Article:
Two male actors who were raped at a wild party given by a promiscuous film mogul go on a rampage of theft and potential murder to get revenge.
An aspiring African-American actor named Danny ("General Hospital's" gay nurse Marc Samuels) takes a class for private investigators in preparation for an upcoming role. When he investigates his ex-partner, Patrick, known as Pip (Brian McArdle), as part of a class exercise, he discovers that Pip was a victim of the vengeful duo.
This may sound grim in the telling, but writer-director Doug Spearman has made it into a hilarious gay send-up of the old-fashioned detective story with a bit of the modern buddy film thrown in. It's a comedy-mystery-thriller-romance that combines Sam Spade with "Lethal Weapon" on a zany West Hollywood romp.
The men are gorgeous, the situations absurd, the laughs prolific, the acting excellent and the direction filled with attention to details. In addition to the dazzling array of men, there are Joan Ryan's indelible wild antics as Pip's pill-popping racist mother, who doesn't mind her son being gay but can't handle his relationship with a man of color.
"I'm not lesbian; I'm not bisexual; I'm not straight," Alice Walker said. "I'm just curious."
The Pulitzer Prize-winning author is indeed curious, about everything in life, notably the plight of African-Americans, whose lives and travails she immortalized in the novel and subsequent film "The Color Purple."
Pratibha Parmer's low-key documentary captures the spirit and the dignity of this sharecropper's daughter who refused to compromise with her oppressors and followed her own path.
She was unapologetic about marrying a white Jewish man and bringing him back from New York to her parents in the deep South, unapologetic for having several lesbian affairs later on, unapologetic for portraying black families realistically, often showing black men as abusers and misogynists.
It came as a surprise to learn that "The Color Purple" brought vicious protests from the black community when it first appeared, even though most white liberals think of it as a very progressive story (and film). Also, that Ms. Walker took on Africans for their continuing practice of female circumcision. "I'm not going to let Africans off the hook," she insists.
Director Parmer uses Walker biographer Evelyn C. White as narrator, along with clips from the protagonist herself. Gloria Steinem, Yoko Ono and Steven Spielberg are among the celebrities who make cameo contributions in her praise.
Only Ms. Walker's estranged daughter, Rebecca, is conspicuously absent, except for Ms. Walker's touching memories of the girl's childhood, and her expression of sadness in their having grown apart. This lovely documentary sheds light not only on the author and her work, but on the social and racial politics in 20th-century America.
The setting is the German police force, a predictably homophobic institution. The outdoor activity is jogging. The protagonists are two new trainees. Change a few details, and this could be a German transformation of "Brokeback Mountain."
Rugged Marc Borgmann (Hanno Koffler), living with his pregnant girlfriend Bettina (Katharina Schuttler), falls into a relationship with sexy fellow cadet Kay Engel (Max Riemelt), who is already out to himself if not his colleagues on the force.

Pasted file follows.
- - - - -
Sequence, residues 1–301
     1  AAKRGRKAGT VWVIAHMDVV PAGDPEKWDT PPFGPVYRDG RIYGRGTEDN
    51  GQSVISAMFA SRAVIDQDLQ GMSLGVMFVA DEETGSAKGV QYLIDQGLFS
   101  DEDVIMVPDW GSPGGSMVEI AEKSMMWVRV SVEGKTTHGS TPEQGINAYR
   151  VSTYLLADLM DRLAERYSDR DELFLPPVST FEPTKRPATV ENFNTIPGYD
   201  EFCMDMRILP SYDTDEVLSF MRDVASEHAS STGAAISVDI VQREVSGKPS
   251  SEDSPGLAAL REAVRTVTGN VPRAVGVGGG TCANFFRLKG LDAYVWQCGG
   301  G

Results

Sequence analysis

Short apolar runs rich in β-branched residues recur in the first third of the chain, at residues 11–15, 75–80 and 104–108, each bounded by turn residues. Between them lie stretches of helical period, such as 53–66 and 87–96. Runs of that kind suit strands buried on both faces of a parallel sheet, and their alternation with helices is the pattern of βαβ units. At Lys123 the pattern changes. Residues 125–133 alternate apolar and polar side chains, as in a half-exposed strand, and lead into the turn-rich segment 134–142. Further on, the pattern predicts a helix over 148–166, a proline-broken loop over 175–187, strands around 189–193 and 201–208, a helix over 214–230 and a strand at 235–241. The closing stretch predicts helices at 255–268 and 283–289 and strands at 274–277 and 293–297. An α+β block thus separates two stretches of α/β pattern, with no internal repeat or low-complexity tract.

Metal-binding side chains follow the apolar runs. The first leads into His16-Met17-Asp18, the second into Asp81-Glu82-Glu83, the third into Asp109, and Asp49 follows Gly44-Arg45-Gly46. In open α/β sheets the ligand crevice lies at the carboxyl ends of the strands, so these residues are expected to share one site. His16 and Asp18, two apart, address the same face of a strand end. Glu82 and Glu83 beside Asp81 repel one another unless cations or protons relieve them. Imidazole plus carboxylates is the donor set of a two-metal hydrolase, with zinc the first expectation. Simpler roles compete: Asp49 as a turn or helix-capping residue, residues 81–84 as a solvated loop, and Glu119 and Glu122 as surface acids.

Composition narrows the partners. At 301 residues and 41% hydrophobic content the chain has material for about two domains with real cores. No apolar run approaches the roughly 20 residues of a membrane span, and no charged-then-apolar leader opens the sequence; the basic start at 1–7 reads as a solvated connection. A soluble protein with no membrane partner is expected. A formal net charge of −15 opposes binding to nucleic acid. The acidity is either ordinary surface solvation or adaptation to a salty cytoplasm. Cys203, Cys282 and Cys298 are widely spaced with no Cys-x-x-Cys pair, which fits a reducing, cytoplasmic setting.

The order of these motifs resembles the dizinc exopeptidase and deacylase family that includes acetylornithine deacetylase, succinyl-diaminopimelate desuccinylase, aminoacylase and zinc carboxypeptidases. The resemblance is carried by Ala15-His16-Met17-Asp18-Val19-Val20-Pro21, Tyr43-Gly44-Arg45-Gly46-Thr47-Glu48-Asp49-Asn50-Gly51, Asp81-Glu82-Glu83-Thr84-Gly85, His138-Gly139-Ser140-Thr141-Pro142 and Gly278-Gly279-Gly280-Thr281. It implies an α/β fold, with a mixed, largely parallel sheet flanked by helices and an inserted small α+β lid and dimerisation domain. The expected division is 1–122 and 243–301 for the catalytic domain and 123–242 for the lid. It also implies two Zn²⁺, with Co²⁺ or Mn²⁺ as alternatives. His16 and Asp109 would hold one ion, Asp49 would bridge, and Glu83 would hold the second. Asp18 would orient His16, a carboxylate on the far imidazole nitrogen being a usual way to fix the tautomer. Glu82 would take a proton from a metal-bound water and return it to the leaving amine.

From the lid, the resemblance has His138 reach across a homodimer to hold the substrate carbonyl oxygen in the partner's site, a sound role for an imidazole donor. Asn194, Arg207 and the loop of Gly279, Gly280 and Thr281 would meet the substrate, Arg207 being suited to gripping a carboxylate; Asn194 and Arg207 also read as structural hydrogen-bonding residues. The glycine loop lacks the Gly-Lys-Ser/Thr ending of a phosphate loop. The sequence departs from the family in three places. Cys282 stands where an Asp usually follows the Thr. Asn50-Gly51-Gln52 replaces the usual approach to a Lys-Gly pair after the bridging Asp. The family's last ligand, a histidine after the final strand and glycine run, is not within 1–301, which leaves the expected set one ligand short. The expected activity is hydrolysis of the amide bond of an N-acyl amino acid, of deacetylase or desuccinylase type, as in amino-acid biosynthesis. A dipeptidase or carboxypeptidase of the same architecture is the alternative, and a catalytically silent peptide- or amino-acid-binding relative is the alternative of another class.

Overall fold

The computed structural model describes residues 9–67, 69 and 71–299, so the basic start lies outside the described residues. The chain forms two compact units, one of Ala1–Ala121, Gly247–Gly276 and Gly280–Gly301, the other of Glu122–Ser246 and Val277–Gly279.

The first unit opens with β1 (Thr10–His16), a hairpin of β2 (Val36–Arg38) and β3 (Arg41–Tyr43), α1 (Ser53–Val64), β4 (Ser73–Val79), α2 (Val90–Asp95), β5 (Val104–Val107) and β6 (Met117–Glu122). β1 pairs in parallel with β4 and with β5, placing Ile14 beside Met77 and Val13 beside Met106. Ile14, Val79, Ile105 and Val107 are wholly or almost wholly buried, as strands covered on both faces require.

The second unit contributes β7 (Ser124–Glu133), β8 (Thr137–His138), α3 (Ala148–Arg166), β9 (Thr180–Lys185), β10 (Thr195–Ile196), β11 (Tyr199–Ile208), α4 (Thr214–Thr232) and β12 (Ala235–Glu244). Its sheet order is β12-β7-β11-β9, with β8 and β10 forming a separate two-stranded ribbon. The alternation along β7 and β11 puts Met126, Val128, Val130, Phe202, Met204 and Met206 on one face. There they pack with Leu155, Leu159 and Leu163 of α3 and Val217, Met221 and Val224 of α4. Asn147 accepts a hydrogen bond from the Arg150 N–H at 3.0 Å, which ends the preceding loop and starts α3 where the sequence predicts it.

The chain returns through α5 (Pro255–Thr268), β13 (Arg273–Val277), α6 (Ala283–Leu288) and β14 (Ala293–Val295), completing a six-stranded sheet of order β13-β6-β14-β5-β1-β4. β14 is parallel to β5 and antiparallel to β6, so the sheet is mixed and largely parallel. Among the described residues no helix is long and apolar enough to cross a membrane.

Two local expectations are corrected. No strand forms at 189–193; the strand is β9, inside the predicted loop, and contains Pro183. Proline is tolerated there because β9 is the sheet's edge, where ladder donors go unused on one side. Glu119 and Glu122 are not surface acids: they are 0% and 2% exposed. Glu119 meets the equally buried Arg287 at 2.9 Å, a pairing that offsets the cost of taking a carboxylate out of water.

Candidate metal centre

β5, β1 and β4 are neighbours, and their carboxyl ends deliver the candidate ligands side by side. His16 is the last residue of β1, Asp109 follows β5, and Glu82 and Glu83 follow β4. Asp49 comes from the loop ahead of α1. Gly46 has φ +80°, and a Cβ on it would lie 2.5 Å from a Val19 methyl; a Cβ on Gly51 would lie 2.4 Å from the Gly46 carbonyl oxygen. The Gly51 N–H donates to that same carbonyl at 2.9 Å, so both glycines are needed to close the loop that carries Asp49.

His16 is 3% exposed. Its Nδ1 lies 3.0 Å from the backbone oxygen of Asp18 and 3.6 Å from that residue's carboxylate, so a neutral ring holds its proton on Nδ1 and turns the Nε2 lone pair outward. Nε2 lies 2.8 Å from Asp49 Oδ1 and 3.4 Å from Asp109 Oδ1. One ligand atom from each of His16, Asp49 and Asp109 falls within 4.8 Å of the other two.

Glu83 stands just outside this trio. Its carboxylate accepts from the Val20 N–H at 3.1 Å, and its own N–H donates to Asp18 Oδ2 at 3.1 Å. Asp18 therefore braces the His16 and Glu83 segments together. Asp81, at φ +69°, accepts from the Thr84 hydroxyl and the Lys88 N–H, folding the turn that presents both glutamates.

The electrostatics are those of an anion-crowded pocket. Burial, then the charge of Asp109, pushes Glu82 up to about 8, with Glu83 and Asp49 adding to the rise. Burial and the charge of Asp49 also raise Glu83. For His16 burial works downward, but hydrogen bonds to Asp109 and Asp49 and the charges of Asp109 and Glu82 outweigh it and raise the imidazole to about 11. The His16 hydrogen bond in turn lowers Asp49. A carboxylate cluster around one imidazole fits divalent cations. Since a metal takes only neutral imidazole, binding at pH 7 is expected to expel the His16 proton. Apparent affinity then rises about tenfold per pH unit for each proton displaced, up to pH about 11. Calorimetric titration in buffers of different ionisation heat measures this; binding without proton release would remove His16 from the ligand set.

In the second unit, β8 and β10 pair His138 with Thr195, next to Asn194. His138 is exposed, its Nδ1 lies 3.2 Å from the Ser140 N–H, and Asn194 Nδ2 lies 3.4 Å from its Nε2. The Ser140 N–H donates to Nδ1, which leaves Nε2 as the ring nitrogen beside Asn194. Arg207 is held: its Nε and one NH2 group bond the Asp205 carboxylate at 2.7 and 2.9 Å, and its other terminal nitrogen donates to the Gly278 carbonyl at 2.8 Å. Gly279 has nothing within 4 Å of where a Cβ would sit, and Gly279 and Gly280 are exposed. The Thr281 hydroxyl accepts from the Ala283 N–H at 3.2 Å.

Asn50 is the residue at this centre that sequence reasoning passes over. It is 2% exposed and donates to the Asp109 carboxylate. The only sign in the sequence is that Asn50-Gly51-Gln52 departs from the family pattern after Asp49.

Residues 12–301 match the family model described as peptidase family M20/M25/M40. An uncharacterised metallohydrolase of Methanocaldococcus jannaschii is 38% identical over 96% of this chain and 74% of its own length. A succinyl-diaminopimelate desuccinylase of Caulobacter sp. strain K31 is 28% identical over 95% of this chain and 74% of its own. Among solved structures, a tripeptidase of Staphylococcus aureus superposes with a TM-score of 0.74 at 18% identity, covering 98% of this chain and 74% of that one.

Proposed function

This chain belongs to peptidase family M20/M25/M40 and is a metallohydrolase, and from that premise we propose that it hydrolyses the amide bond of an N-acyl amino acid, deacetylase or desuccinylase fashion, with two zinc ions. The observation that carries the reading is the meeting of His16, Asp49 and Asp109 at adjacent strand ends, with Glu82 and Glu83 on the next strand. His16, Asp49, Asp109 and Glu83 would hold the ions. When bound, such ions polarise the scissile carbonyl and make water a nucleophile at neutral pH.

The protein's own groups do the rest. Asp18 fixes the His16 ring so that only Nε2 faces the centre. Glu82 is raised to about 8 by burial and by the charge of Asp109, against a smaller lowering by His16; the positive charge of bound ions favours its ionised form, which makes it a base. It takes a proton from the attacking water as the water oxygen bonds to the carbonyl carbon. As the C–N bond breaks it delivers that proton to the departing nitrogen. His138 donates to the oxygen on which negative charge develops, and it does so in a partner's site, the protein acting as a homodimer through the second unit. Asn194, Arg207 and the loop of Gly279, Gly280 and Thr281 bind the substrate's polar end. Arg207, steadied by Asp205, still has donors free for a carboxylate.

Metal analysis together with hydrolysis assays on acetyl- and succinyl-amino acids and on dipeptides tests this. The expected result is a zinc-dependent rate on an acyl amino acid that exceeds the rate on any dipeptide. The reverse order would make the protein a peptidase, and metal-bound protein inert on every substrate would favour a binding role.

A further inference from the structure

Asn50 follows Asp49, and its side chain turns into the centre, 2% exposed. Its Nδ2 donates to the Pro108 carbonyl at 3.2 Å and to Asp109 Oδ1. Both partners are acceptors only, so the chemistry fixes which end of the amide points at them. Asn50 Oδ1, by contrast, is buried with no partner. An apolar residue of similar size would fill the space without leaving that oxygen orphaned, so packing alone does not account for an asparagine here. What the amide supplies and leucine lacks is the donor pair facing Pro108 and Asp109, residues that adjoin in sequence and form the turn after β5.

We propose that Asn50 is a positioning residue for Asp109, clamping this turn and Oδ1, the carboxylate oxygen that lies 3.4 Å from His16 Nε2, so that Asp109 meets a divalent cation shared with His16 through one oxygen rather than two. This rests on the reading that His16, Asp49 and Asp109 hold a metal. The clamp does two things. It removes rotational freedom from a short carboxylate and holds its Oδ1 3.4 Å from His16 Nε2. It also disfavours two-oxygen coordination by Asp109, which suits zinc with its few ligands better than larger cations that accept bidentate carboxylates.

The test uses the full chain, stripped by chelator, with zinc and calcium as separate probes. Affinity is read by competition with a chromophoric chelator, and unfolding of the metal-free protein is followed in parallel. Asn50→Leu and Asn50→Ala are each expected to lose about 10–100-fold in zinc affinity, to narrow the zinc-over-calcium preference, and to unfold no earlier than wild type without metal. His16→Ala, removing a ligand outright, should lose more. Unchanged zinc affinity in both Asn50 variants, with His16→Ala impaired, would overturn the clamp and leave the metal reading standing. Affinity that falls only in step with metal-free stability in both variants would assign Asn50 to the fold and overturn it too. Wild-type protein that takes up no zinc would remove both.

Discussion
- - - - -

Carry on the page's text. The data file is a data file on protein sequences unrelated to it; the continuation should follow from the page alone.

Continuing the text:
Marc cannot admit, even to himself, that he is really gay. "This was just a one-off," he protests, long after the affair has become serious. The chemistry between these two magnetic actors sizzles on the screen, and it's absorbing to watch Marc's life go into the free fall predicted in the title.
This is a thoughtful effort that, with more psychological subtlety, could have been more challenging to the viewer's thinking. The unresolved ending, however, is abrupt and unsatisfactory, as if writer-director Stephan Lacant didn't know where to go with his plot and therefore just stopped in midstream. Even with its flaws, this is a film worth seeing.
For anyone who hasn't yet figured it out, G.B.F. stands for gay best friend, a must-have accessory for vapid wealthy high school girls vying to be prom queen.
There's hardly a gay stereotype, nor a high school movie cliche, left out of the inane script by Moon's George Northy, nor is there anything original in Darren Stein's direction. The only surprise is that some familiar TV personalities, including "Will & Grace's" Megan Mullally, agreed to participate.
The object of these valley girls' attention is sweet, shy Tanner (Michael J. Willet), outed unintentionally by his best friend, Brent (Paul Iacono) -- also gay and still in the closet -- via some rash Internet action on his cell phone.
When Tanner is refused admission to the prom because he wants to bring a male date, one of the girls organizes an alternate "all inclusive" prom to compete with the school's event. Tanner quickly becomes a target of the local Christians' anti-gay venom and a Mormon's awkward attempted seduction.
There's more mayhem than malice, however, and a glib happy ending. Mr. Willett may be eye candy for the Twinkie set, and Ms. Mullally a pleasant diversion for her fans, but it's hard to imagine that any high school student with an IQ higher than his (or her) shoe size could be taken in.